I watched the last episode of Primeval last night. Although I’m not a huge fan, I’ve nothing against it. I find it does what it sets out to do- entertaining families on a Saturday evening.
But is it Science Fiction? Well, I would say yes. It features time travel and exciting gadgetry, and I’m sure that an eight year old would find the idea of someone going back in time to wipe out the first human beings quite a mind blowing concept. (I remember being similarly awe struck when I first read Ray Bradbury’s A Sound of Thunder). But to us SF fans the idea is an old one.
Does that matter? There are always writers who do an excellent job of putting a new spin on old ideas, they present well structured and excitingly told stories, seasoned with just a hint of their own philosophy. (Eric Brown’s Helix and Peter Hamilton’s Pandora’s Star are good examples of these excellent but oddly old fashioned tales). I like to call these Level 1 stories.
The point is, though, that SF has moved on from the level of Primeval and other TV shows like it. There are a lot of Level 2 stories out there, waiting to filter through to the mainstream. New ideas that are built on the foundations of the Science Fiction that has gone before us. Read Bruce Sterling’s Schismatrix, for example. Written more than 20 years ago, and, by today’s standards, oddly pre-singularity (and if you don’t know what I mean by pre-singularity you’re not reading modern SF), but it’s crammed full of new ideas. The spaceships and spacestations and spacepirates of Level 1 SF are there, but they are in the background, barely seen, the platform from which a mind blowing array of new concepts are launched. I often wonder, though, if level 2 books like Schismatrix would make any sense to someone who hasn’t read their Asimov (or, maybe nowadays, watched their Star Wars).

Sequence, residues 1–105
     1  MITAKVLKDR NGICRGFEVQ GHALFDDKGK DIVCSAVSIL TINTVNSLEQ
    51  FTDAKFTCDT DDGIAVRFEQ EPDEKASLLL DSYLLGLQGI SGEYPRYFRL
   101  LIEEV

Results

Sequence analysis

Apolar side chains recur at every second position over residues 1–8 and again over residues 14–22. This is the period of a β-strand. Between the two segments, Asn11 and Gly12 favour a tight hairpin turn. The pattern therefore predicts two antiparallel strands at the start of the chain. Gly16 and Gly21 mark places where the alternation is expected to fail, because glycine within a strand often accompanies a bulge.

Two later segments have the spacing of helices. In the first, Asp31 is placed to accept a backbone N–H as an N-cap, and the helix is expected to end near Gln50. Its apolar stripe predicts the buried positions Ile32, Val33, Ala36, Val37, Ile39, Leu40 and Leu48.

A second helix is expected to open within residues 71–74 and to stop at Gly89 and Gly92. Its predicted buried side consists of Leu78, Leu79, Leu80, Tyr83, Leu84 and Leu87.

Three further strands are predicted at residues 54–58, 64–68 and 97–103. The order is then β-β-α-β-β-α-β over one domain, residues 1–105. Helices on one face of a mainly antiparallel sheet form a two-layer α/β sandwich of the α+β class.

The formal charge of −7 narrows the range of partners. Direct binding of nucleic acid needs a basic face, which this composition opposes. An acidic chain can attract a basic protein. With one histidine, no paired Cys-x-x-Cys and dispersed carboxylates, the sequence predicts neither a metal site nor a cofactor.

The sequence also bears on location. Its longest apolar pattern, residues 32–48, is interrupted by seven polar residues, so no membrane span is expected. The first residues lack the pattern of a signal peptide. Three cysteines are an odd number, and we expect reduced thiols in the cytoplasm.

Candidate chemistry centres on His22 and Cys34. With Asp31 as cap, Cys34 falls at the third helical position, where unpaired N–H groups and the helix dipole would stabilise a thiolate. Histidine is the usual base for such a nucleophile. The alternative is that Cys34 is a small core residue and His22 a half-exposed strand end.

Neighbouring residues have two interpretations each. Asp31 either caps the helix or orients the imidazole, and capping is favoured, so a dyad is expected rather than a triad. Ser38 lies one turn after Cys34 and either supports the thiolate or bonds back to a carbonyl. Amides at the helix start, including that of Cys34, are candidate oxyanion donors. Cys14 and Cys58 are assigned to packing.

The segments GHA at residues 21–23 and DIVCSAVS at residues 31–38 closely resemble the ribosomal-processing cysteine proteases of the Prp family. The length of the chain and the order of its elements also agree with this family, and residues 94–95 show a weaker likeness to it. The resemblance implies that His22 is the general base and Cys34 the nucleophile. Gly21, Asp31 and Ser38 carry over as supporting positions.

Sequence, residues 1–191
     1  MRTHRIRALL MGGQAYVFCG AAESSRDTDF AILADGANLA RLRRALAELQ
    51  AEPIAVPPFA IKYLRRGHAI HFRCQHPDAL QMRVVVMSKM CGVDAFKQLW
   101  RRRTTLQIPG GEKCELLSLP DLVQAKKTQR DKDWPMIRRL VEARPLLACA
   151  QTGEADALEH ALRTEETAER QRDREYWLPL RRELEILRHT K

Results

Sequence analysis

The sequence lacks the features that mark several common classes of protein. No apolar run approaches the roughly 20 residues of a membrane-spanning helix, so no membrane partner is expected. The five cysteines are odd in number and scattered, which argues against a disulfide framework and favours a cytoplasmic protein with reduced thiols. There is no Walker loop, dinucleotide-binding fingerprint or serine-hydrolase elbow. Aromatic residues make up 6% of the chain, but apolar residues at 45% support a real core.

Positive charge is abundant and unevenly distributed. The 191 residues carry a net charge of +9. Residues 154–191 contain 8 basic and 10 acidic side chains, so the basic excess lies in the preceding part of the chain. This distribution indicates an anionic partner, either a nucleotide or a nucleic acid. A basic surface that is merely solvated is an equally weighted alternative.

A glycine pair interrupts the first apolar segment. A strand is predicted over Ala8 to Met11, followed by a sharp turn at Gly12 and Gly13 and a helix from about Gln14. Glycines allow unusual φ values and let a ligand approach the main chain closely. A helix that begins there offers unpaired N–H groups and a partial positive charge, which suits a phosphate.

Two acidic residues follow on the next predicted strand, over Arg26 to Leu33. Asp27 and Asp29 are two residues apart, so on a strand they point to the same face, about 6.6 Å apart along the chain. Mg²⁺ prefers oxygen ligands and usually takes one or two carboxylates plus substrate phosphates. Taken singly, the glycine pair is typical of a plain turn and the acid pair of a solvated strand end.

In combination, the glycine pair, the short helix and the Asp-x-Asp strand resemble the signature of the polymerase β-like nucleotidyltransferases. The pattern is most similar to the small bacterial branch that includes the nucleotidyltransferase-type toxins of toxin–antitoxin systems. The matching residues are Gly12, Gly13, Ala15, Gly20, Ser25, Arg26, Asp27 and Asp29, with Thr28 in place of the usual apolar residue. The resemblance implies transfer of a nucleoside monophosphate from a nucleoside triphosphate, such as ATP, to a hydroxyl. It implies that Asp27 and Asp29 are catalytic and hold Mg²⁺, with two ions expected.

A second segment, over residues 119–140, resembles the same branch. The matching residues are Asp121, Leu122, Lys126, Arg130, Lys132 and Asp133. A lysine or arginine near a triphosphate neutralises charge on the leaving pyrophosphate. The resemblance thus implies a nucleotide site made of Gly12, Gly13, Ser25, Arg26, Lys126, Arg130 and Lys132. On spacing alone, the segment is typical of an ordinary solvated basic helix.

Anyway, getting back to the beginning, that’s why I support shows like Primeval. It’s not just that they keep families entertained, it’s that they’re grounding kids in the Level 1 concepts they’ll need to read the Level 2 SF of tomorrow.
June 1, 2009
Every SF fan should read this book. Why? Because it is an anti SF novel.
Let me explain…
The book begins with what would be a classic (though oddly punctuated) SF line.
Now what I want is, Facts. Teach these boys and girls nothing but Facts. Facts alone are wanted in life.
The words are spoken by
Thomas Gradgrind, Sir. A man of realities. A man of facts and calculations.
In other words, a sterling SF character of the old school. The thing that makes this book the opposite of SF, though, is that it sets out to show that Thomas Gradgrind is wrong. How? By demonstrating what happens to his children due to their logical upbringing. Gradgrind realises the error of his belief in a world of facts and logic when he sees his daughter married to the wrong man and his son exposed as a thief, and all because they believe they are doing what he wished.
Now, this entry is not intended to criticise Dickens (that’s not what this Blog is for, after all.) Hard Times wasn’t written as SF (nor should we expect every book to be), it was written to “Shake some people in a terrible mistake of these days” (Dicken’s own words), and it contains some excellent descriptions of life for the working classes in Coketown. Anyway, I love Dickens work.
However, Hard Times does beg the following question:
Does SF have an answer to this depiction of Gradgrind’s supposedly flawed character?
Of course it does. A good SF novel finds beauty in facts, it can find emotion and sensitivity in the cold equations of the universe. That’s one of the many things that makes SF worth reading.
That’s what’s original about the genre.